Even more beneficial than the simply desire to perform, these events have the capacity to encourage more students to begin to perform, especially when many of these bands and dance groups often do not during normal school allocated time for performances.
All students interviewed expressed support for the school-run talent show, Tertulia, but some of the students hoped for an expansion of performance opportunities. Passing Time, with its limited twenty minutes, is too short a time to justify an entire band to set up with a drum set and a microphone, for example. In addition, it is difficult to showcase dance groups in crowded hallways.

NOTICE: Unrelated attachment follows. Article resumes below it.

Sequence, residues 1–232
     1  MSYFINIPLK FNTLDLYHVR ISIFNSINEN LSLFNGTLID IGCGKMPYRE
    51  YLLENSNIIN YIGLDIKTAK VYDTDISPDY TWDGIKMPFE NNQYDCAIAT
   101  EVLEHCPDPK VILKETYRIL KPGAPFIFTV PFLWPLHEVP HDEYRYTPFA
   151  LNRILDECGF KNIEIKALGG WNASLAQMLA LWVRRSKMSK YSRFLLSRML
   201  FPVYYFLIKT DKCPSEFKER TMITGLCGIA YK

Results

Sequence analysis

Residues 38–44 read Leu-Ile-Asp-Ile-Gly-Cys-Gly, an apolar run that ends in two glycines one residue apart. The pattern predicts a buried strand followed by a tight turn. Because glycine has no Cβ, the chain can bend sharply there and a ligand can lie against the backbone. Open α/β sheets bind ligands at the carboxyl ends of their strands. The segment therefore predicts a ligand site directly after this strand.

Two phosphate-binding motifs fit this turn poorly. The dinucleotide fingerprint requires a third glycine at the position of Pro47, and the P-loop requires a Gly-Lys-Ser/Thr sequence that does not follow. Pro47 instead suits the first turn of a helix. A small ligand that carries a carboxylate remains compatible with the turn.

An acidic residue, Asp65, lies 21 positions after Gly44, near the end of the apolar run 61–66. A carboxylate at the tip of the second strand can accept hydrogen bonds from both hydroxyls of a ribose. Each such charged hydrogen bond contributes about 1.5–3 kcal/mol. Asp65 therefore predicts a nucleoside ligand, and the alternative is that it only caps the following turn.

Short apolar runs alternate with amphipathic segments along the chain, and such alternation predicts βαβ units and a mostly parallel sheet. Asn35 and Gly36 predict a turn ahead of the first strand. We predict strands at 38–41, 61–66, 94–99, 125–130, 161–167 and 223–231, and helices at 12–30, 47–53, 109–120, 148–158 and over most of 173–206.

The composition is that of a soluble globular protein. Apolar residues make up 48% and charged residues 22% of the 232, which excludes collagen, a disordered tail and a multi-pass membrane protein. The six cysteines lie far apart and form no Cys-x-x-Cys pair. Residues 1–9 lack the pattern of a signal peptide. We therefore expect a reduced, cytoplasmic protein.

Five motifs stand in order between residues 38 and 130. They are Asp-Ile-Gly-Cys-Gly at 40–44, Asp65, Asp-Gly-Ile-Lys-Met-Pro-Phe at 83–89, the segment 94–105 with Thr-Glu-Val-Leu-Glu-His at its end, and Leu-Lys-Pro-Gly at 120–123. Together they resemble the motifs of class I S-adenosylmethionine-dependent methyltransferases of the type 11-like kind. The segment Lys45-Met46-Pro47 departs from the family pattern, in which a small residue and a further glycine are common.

“We like the fact that we are given the opportunity to perform at Asia Night and at Tertulia, except it would be nice if we had some other [times] that we could show what we do because [we are] a culture group for a minority population at our school,” Zaamana’s Artistic Director Rhea Dudani said. “[With more performances], the minority would then feel that people want to celebrate them.”
The difficulty for students to perform at school leaves little opportunity for a majority of students to see and celebrate different performances. When groups like Zamaana that celebrate a specific minority are not given opportunities to perform, their peers are missing out learning and appreciating the cultural differences of their peers.
That is the reason concerts like “Happy Birthday Mozart” are important for students to learn about the variety of talent that their peers hold.